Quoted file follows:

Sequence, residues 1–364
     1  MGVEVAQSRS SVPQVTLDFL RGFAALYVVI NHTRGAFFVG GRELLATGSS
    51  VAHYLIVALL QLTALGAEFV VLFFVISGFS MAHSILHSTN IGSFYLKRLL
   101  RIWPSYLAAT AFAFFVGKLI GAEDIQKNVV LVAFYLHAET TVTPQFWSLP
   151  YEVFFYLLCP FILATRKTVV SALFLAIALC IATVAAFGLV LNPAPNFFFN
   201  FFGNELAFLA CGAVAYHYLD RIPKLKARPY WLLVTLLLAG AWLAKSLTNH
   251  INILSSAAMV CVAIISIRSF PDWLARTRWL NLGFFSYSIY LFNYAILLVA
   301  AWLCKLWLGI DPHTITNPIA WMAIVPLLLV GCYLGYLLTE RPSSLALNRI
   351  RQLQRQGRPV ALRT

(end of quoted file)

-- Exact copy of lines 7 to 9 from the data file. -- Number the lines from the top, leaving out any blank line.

   251  INILSSAAMV CVAIISIRSF PDWLARTRWL NLGFFSYSIY LFNYAILLVA
   301  AWLCKLWLGI DPHTITNPIA WMAIVPLLLV GCYLGYLLTE RPSSLALNRI
   351  RQLQRQGRPV ALRT